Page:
The official boosters of New York City couldn't be happier that the Republican Party brought their show to the city that never sleeps. It's too bad we can't say the same for the New York Times, which greeted the convention with about as much as enthusiasm as a first-grader greets the measles.
Anyone turning on the TV for news two weeks ago was greeted with the blockbuster news that the New York Times had uncovered devastating links between the Bush campaign and the avowedly independent Swift Boat Veterans for Truth. But if you read the article, you had to laugh. The "evidence"? Why, the same firm producing the Swift Boat ads produced an anti-Dukakis commercial in 1988 -- yup, 16 years ago. A publicist for the Swift Vets once helped prepare George Bush 41 for a vice-presidential debate -- 20 years ago. On and on the foolishness went.
Tuesday morning, it was another utterly misleading headline. President Bush told NBC's Matt Lauer that "can't win it," suggesting right there that the enemy couldn't be vanquished in the next four years, but eventually we'll be successful. The Times headline? "Bush Cites Doubt America Can Win War on Terror."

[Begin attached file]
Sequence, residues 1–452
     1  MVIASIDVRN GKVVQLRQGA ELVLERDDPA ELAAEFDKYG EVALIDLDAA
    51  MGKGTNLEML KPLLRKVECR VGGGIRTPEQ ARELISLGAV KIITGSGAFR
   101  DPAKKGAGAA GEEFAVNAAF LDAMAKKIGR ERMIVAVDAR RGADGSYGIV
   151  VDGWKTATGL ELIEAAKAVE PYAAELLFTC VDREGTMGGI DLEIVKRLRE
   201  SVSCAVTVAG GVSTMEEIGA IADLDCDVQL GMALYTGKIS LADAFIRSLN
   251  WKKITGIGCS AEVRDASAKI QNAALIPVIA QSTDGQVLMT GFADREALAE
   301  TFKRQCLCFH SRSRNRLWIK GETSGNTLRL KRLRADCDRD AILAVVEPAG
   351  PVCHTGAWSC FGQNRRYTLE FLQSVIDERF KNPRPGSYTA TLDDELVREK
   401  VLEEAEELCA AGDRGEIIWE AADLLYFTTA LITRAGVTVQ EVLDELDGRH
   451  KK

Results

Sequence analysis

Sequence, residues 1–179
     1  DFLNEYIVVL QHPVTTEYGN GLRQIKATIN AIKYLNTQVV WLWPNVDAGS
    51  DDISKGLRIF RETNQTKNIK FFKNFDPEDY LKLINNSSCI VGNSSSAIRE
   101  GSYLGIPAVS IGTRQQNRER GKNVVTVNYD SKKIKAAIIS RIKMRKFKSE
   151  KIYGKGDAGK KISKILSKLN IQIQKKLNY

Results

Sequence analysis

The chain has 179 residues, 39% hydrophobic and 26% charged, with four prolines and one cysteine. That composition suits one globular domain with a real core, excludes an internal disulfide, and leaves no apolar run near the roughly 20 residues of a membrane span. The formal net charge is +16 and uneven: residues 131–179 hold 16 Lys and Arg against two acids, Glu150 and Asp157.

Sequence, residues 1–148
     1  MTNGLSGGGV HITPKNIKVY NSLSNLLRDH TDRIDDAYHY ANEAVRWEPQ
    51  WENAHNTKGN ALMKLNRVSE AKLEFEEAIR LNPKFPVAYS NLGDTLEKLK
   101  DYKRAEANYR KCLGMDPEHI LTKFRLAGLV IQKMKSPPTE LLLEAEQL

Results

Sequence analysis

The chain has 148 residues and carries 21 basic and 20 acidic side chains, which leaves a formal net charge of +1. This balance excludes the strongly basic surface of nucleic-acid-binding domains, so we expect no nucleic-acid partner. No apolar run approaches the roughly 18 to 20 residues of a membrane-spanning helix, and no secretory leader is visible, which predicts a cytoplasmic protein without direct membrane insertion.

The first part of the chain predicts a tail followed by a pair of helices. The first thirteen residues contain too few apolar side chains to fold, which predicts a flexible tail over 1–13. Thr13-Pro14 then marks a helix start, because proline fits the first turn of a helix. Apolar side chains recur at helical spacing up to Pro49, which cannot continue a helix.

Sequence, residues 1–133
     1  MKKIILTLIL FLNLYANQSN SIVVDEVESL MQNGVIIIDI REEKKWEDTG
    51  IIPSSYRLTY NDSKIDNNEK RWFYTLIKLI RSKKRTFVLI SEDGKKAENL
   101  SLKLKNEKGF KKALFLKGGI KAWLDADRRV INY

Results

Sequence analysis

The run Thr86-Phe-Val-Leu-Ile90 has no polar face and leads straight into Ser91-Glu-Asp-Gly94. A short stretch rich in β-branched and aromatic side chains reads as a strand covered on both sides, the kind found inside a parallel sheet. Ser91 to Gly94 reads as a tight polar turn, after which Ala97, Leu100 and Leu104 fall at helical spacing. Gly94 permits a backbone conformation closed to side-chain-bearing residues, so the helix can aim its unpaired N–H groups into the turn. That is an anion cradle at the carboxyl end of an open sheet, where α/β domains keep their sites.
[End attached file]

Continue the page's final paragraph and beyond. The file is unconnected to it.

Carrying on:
A day seemingly doesn't go by when the Times isn't showing its desire to shed the president in a negative light. One Monday headline was "The G.O.P. Arrives, Putting Sept. 11 Into August." Reporters Adam Nagourney and Robin Toner warned that Republican leaders said "they would repeatedly remind the nation of the Sept. 11 attacks," beginning a week in which the GOP "seeks to pivot to the center and seize on street demonstrations to portray Democrats as extremist." Democrats told the Times the Republicans are exploiting tragedy for political points. That's a line of thinking that escaped the Times when Kerry was pushing his service in Vietnam using home-movie footage he once promised -- to the New York Times, no less! -- he'd never use in a campaign commercial.
Obviously the Times won't find any extremists in street demonstrations as long as the hate object is Bush. Robert McFadden's front-page story, "March Raucous but Largely Peaceful," began lyrically: "A roaring two-mile river of demonstrators surged through the canyons of Manhattan yesterday in the city's largest political protest in decades, a raucous but peaceful spectacle that pilloried George W. Bush and demanded regime change in Washington." What a nice subtle dig, comparing Bush to Saddam Hussein.